Voicing diasporic subjects: funaná and the expressive economy of badiu Cape Verdean masculinity in Lisbon
Funaná, a Cape Verdean music and dance genre formed in the island of Santiago in the late Nineteenth Century, travelled to Portugal with the first waves of labour migrations from that island in the early 1970s. In contrast with other Cape Verdean music and dance expressions performed in the country, made publicly visible through their circulation across the world music and Lusofonia markets, funaná’s performance has been primarily confined to the participatory contexts of community, kinship and friendship taking place in the predominantly Cape Verdean neighborhoods of the Greater Lisbon Area. In the paper I address the role played by funaná’s expressive practices in the articulation of Santiaguense (or badiu) diasporic identities. I place the genre’s performance within a transnational social field connecting Santiago’s interior, Cape Verde’s capital Praia, Lisbon and other locations of the Cape Verdean diaspora in Europe. I focus on the cultural work performed by funaná’s poetics, aesthetics and socialities in shaping a racialized masculinity shared by Santiaguense labour migrants in Portugal.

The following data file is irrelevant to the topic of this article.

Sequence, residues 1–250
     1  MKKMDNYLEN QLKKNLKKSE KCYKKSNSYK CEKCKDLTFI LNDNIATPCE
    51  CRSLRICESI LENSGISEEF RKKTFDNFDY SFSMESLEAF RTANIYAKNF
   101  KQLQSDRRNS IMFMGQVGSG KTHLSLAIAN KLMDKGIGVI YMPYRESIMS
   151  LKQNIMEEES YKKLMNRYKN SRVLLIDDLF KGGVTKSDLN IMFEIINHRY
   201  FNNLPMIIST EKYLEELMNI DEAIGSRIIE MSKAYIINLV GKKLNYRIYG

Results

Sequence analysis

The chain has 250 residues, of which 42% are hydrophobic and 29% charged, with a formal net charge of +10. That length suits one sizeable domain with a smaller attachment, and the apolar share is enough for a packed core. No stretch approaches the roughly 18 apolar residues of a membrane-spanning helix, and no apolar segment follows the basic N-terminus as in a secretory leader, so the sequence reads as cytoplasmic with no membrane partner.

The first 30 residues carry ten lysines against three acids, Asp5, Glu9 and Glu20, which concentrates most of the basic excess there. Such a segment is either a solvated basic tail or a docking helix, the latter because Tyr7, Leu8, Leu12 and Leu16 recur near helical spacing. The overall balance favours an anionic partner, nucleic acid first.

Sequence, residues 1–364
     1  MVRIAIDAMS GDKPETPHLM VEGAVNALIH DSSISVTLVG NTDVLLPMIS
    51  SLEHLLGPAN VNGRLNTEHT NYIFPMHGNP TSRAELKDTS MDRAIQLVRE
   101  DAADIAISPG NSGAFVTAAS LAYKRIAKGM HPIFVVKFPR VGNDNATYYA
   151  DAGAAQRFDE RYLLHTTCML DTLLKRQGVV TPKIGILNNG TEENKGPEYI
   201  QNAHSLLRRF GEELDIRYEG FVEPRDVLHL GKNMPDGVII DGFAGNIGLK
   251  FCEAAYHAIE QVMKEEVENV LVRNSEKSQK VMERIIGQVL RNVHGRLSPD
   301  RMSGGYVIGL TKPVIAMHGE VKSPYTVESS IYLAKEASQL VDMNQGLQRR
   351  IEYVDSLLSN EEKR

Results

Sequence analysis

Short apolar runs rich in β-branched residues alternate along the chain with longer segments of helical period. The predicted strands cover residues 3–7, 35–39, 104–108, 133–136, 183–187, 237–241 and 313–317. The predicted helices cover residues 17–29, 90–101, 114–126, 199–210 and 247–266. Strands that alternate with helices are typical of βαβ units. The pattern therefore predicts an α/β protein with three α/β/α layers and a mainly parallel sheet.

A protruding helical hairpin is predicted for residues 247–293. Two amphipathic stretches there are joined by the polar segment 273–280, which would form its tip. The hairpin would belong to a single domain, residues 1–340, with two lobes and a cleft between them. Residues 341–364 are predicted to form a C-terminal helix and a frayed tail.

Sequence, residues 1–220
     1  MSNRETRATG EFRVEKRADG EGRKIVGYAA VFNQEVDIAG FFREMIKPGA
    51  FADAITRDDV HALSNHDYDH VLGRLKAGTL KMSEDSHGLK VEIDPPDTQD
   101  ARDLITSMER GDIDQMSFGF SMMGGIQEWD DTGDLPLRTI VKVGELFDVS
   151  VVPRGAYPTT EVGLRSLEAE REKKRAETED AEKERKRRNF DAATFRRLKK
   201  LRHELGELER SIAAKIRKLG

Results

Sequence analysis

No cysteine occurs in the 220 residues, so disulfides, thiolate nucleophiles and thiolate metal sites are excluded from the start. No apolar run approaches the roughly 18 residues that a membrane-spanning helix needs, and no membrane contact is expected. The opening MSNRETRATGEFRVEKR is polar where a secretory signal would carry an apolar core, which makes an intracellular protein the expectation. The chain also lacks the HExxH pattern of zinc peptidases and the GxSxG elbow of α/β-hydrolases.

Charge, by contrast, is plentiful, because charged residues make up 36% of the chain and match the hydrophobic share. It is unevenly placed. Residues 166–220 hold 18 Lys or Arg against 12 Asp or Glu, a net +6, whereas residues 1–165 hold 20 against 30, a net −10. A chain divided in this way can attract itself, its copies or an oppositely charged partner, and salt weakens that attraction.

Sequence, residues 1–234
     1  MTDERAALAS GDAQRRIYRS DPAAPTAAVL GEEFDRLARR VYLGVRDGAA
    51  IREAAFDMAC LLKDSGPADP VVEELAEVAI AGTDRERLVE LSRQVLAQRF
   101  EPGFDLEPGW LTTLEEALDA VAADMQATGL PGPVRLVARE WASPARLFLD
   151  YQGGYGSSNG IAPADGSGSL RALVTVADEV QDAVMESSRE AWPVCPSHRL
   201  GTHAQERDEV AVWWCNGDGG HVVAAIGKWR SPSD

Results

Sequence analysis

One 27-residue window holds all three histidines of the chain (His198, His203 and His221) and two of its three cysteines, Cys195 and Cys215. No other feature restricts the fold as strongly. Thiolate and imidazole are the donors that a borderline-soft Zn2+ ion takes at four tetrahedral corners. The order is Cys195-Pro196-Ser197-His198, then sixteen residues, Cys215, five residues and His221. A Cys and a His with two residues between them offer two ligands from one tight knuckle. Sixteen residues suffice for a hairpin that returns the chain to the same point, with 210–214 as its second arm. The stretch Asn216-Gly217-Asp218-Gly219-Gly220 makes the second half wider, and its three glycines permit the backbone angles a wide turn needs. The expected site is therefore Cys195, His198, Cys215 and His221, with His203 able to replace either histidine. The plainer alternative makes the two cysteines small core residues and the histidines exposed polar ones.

Rui Cidra is a postdoctoral researcher at the Instituto de Etnomusicologia (INET, md), Lisbon, and invited assistant Professor of the music department of the Faculdade de Ciências Sociais e Humanas, Universidade Nova de Lisboa. His most recent research addresses the Cape Verdean music and dance genre funaná, and the production of the Santiaguense creole masculinity.